June promises to be a month when Wall Street fully embraces the question: Is the economy slowing or isn’t it?
The latest smoking gun suggesting that the economy is in fact slowing comes in this morning’s jobs report for May, a release that shows the smallest monthly increase in nonfarm payrolls since last October’s 37,000 advance, and well below the average monthly increase of 157,000 that’s prevailed over the past two years, the Bureau of Labor Statistics reported.
One month is not a trend, of course, although a longer-term inclination is. Consider that the rolling 12-month percentage change in monthly nonfarm payrolls has been looking tired for some time. As our chart below illustrates, the 12-month change in job growth appears to have hit a ceiling of around 1.5% in the last two years and is now starting to drift lower. For May, the advance was 1.4%, unchanged from April’s percentage rise.

Is this a sign of an economy that’s starting to weaken? If so, how will the trend affect the Federal Reserve, when its FOMC convenes on June 28 and 29 to consider monetary policy anew? Yes, optimists will take heart in the news that May’s unemployment rate fell to 4.6%, the lowest since July 2001. But the realization that May’s job growth generally surprised economists with a weaker-than-expected report, plus the fact that April’s growth was revised downward, is likely to take much of the shine off the lower jobless rate.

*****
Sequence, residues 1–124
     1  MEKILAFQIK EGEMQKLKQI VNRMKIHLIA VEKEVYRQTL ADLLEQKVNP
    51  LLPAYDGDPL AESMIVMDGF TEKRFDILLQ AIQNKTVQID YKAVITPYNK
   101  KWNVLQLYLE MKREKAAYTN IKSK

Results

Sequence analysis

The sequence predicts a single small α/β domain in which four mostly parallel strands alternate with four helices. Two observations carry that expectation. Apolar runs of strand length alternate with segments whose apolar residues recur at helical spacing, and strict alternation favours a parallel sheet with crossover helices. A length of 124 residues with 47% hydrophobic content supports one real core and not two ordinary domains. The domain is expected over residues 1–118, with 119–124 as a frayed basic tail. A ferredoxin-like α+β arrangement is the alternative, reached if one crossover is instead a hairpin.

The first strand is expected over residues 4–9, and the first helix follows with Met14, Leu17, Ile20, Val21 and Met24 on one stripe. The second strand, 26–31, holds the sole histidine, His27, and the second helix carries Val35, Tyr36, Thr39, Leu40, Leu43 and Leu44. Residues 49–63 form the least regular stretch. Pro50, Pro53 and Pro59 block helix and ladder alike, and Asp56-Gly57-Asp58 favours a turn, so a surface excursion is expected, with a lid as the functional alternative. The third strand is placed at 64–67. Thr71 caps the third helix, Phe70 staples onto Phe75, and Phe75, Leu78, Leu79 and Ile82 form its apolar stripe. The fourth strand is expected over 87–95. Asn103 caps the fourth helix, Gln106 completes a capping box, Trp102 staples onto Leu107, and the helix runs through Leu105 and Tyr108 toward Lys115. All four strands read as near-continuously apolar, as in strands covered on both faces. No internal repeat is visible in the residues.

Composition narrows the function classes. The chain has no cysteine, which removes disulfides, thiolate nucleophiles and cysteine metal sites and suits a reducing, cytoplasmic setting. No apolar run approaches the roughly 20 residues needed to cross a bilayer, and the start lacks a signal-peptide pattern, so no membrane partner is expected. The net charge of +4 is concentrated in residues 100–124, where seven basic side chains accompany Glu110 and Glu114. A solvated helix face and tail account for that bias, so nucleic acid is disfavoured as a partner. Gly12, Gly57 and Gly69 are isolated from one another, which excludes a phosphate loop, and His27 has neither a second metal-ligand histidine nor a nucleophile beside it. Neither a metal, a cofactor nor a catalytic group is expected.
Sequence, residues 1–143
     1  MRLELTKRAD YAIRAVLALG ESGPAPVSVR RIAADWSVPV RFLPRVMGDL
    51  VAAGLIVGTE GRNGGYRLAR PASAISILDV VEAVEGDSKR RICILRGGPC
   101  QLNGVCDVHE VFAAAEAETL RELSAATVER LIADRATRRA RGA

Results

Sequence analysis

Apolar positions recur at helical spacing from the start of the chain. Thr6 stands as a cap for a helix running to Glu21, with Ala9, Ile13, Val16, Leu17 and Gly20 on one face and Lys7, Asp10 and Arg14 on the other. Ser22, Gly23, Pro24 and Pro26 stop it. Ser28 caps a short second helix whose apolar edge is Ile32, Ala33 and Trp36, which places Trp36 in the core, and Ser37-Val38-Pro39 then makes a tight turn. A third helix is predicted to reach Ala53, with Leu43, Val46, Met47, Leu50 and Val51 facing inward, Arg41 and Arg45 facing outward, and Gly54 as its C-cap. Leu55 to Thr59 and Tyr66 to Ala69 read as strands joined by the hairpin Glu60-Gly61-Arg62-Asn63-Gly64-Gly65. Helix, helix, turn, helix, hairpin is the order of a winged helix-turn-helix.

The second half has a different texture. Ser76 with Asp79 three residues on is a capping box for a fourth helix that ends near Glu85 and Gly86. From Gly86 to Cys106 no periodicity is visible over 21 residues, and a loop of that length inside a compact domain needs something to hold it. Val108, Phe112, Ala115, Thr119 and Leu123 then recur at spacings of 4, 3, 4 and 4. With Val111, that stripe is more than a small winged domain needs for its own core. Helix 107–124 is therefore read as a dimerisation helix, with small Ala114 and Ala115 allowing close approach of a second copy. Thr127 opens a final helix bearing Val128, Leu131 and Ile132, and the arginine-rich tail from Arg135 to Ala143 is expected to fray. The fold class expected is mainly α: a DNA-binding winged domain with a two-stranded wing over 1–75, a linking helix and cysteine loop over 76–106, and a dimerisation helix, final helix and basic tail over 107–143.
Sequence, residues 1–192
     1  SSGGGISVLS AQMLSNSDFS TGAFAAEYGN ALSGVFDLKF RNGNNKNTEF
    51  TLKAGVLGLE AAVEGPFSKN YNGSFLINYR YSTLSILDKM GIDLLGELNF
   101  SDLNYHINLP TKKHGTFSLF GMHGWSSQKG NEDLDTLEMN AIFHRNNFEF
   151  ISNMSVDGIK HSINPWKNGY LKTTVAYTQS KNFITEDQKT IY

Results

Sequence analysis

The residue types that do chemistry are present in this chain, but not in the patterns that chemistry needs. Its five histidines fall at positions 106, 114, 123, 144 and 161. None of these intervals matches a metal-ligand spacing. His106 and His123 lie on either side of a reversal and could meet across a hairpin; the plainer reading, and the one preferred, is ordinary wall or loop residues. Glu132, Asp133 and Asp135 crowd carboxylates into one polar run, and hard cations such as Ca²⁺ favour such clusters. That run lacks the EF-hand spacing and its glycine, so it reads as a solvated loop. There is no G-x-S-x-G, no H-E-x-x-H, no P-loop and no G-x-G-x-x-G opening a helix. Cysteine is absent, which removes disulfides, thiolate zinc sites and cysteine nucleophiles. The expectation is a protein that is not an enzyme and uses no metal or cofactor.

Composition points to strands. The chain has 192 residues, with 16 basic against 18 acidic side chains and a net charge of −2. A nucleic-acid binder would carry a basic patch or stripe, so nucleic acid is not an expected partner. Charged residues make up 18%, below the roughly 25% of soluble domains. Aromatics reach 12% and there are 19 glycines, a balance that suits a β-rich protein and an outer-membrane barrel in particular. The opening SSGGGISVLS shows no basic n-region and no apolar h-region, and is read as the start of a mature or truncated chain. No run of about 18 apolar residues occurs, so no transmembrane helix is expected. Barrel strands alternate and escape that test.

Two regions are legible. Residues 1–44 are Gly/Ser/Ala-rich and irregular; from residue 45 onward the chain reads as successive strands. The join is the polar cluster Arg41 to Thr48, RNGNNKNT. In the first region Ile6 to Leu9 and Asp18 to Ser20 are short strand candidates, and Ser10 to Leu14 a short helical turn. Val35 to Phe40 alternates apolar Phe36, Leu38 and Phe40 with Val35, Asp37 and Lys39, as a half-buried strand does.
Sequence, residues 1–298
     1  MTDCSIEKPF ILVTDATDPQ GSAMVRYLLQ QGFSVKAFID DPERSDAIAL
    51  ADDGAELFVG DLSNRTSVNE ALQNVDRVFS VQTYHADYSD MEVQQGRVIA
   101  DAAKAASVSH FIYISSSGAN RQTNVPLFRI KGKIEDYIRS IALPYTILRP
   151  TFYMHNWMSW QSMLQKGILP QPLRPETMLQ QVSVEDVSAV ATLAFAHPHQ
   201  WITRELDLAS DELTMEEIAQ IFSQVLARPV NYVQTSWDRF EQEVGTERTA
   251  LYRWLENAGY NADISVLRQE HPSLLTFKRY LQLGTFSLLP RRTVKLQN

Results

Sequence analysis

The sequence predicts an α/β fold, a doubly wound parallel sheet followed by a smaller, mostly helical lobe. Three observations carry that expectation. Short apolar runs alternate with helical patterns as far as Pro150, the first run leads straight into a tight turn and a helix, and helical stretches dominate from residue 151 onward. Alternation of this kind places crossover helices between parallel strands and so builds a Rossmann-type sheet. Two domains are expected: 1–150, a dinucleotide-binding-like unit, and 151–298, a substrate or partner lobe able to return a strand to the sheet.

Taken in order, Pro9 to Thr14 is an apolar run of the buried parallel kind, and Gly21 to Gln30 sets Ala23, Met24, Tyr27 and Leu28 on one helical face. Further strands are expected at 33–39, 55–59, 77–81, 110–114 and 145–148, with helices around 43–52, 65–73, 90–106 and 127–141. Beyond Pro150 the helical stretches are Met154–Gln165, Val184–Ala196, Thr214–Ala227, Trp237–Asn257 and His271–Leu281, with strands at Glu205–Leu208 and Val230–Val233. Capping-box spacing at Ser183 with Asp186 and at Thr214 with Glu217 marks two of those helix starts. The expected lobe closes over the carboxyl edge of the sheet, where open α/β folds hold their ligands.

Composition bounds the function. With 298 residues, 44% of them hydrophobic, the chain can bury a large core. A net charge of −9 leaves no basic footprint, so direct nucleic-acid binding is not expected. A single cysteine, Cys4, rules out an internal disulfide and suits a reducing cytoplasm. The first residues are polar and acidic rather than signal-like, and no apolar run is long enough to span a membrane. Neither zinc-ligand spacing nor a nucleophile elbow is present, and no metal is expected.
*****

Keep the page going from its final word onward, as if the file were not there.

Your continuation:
Josh Shapiro, chief economist at MFR Inc., told this morning that sluggish growth in the payroll report “muddies the waters” for the Fed’s next confab on interest rates. “It is looking more like some sort of slowdown,” he opines. “This could put the idea of pause [in further rate hikes] back in play.”
Supporting Shapiro’s analysis is the fact that wage growth slowed dramatically in May, which gives the Fed more room to argue that inflation pressures are waning and so a pause, temporary or otherwise, is warranted later this month. Average hourly earnings rose by just a penny last month. That’s a sharp slowdown from the 10.3-cents average increase over the previous three months.
Traders of Fed funds futures needed no convincing this morning of the pause-is-back mentality. Buying of the July Fed funds futures contract soared in early trading today, pushing down the associated yield in the process. As we write, the contract is priced for a Fed funds of 5.11%. That’s just about midway from the current 5.0% and the 5.25% that might be coming if the central bank opts for another hike on June 28/29.
Hedging one’s bets, in fact, seems eminently reasonable for the moment. There are, after all, more than a few economic reports to be dispensed between now and June 28/29, and today’s thinking about a pause may give way to something else. The month is still young, and so the opportunities for speculation still ripe. Welcome to a trader’s paradise.